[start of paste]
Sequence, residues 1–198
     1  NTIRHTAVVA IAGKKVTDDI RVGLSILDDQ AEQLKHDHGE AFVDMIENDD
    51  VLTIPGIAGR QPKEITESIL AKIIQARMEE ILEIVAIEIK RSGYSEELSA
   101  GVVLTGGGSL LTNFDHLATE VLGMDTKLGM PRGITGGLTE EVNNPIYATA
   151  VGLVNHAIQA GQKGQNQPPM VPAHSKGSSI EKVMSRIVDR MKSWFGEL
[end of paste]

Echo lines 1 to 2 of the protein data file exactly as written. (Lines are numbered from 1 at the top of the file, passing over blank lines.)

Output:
Sequence, residues 1–198
     1  NTIRHTAVVA IAGKKVTDDI RVGLSILDDQ AEQLKHDHGE AFVDMIENDD